Yes,14 states spend “nearly $1 billion” of taxpayer tuition on “hundreds of religious schools” that teach kids the Earth is less than 10,000 years old. This would be more troubling if we didn’t spend hundreds of billions every year not teaching millions of kids how to read. Voucher programs offer a wide variety of choices for parents, unlike the closed, failing districts schools that so many kids are trapped in. As of now, public schools spend around $638 billion on around 55 million students but only 250,000 students – almost all of them poor — are free to use vouchers and tax-credit scholarships. Of those kids, the vast majority do not attend schools with curriculums that feature intelligent design. Yet, judging from all the “special investigations” of creationism in schools, you might be under the impression it was the most pressing problem faced by educators. I suspect that untold numbers of parents would sacrifice their children to the Gods of Creationism if [it] meant they could attend safe and high-achieving schools. A lot of these schools score well. But that’s not the choice, either.It is absolutely no secret that the vast majority of these schools are better than their public school counterparts and, yes, these parents are very grateful for the opportunity to put their kids in schools that are safe and good. I support school vouchers, generally, but I see a philosophical problem here. In the process of supporting the notion of school choice for parents, what is being lost is what is being taught. We run the risk of becoming so enamored of our ability to pick and choose where we want our kids to go to school that we forget that there are quite a few schools out there that do teach young earth creationism.
Young Earth Creationism is bad science.
It puts our kids at a disadvantage by setting them back in all areas of science and fills their heads with wrong-headed ideas. As a scientist, I have a moral obligation not just to teach my kids good science, but to advocate the teaching of it in the schools. Having the ability to put your kids in the school of your choice is of no value if the science they are being taught is wrong.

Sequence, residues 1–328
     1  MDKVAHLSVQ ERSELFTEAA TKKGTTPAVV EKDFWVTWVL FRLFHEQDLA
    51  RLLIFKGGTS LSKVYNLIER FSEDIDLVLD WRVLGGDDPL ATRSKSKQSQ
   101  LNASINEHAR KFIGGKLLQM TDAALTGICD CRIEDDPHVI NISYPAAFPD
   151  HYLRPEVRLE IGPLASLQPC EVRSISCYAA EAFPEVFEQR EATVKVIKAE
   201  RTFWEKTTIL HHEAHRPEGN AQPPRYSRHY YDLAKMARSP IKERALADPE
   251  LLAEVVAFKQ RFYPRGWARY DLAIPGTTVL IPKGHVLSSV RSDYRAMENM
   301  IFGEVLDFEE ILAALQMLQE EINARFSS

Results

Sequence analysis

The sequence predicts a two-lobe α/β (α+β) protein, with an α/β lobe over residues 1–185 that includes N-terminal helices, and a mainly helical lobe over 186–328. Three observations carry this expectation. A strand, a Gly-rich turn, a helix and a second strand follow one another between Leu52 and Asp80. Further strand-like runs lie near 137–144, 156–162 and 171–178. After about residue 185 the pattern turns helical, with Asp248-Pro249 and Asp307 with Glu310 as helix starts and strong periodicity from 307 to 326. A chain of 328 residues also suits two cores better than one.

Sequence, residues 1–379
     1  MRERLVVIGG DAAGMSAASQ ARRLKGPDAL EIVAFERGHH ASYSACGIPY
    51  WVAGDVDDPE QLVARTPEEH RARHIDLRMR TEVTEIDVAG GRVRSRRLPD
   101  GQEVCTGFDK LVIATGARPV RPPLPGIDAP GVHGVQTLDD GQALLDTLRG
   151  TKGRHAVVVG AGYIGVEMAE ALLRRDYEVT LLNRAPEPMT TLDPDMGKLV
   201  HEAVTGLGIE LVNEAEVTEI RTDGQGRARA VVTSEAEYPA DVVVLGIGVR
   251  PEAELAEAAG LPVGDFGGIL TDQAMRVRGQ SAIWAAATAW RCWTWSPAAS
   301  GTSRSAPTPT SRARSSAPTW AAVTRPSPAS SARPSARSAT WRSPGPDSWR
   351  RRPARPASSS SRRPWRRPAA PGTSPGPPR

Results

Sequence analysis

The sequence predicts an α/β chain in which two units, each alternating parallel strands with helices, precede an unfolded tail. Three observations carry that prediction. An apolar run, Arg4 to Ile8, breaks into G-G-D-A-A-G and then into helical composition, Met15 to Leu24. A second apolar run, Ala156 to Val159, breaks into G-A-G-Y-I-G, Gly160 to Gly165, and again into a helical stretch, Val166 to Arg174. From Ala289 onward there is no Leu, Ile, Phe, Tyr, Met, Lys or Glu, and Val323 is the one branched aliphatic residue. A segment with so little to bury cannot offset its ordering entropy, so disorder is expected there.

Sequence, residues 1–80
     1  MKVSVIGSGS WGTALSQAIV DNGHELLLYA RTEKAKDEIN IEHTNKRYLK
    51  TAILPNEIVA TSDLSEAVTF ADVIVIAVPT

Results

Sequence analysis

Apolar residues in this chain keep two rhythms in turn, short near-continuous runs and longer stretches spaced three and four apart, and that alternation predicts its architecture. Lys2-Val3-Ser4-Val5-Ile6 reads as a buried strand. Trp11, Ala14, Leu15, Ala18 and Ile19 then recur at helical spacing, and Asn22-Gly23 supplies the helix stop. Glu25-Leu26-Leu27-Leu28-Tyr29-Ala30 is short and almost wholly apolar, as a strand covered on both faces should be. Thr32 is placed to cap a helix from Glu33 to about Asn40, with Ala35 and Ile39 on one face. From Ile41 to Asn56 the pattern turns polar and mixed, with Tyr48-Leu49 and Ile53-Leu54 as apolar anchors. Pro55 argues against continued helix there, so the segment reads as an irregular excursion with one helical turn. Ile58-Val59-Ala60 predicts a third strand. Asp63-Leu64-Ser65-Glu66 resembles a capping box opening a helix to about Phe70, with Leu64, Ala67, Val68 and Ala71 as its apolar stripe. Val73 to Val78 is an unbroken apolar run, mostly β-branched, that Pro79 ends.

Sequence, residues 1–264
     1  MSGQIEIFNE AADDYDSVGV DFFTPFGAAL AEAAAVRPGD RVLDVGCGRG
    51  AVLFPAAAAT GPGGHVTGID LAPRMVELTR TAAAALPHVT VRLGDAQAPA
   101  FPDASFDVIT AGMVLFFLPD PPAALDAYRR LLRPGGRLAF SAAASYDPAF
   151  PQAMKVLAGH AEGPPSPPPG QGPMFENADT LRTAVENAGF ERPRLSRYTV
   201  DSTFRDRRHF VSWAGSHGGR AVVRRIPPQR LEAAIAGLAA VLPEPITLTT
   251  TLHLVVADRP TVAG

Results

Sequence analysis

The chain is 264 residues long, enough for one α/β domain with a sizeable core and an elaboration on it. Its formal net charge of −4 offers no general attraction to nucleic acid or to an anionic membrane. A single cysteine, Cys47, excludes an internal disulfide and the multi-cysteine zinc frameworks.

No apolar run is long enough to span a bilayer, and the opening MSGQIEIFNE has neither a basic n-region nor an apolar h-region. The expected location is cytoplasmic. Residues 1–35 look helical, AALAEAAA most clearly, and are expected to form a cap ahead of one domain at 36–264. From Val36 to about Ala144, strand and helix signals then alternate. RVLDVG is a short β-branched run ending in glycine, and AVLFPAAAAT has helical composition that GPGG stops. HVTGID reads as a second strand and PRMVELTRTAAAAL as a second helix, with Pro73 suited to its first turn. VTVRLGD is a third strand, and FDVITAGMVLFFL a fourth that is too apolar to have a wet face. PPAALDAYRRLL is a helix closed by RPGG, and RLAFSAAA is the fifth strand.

As a family, we are insulated from this directly but are part of a similar tug-of-war. Because I want my kids to have a better education, we have them enrolled in a home school curriculum. For the most part, it is exceptional, with plenty of challenges and intellectual rigor. But, while the science curriculum is at peace with old earth creationism, it leans toward intelligent design as a world-view. I have already corrected some of the wrong notions that my kids have come home with and my oldest daughter, who is leaning heavily toward botany or biology, and I have had candid conversations about evolution. The teachers at the school (the ones that teach science, anyway) are familiar with my views on evolution and don't push my kids in class to reject them. By the same token, I don't have my kids questioning their teachers or the view points of other kids in the class. That is not their place. So far, we have managed a Mexican Stand-off. Soon, however, my daughter will outgrow the current curriculum and begin to discover why, as Theodosius Dobzhansky stated: “Nothing in biology makes sense except in the light of evolution.”1 I will be ready for that time.
1Dobzhansky, T (1973) Nothing in biology makes sense except in the light of evolution. American Biology Teacher, v. 35: 125-129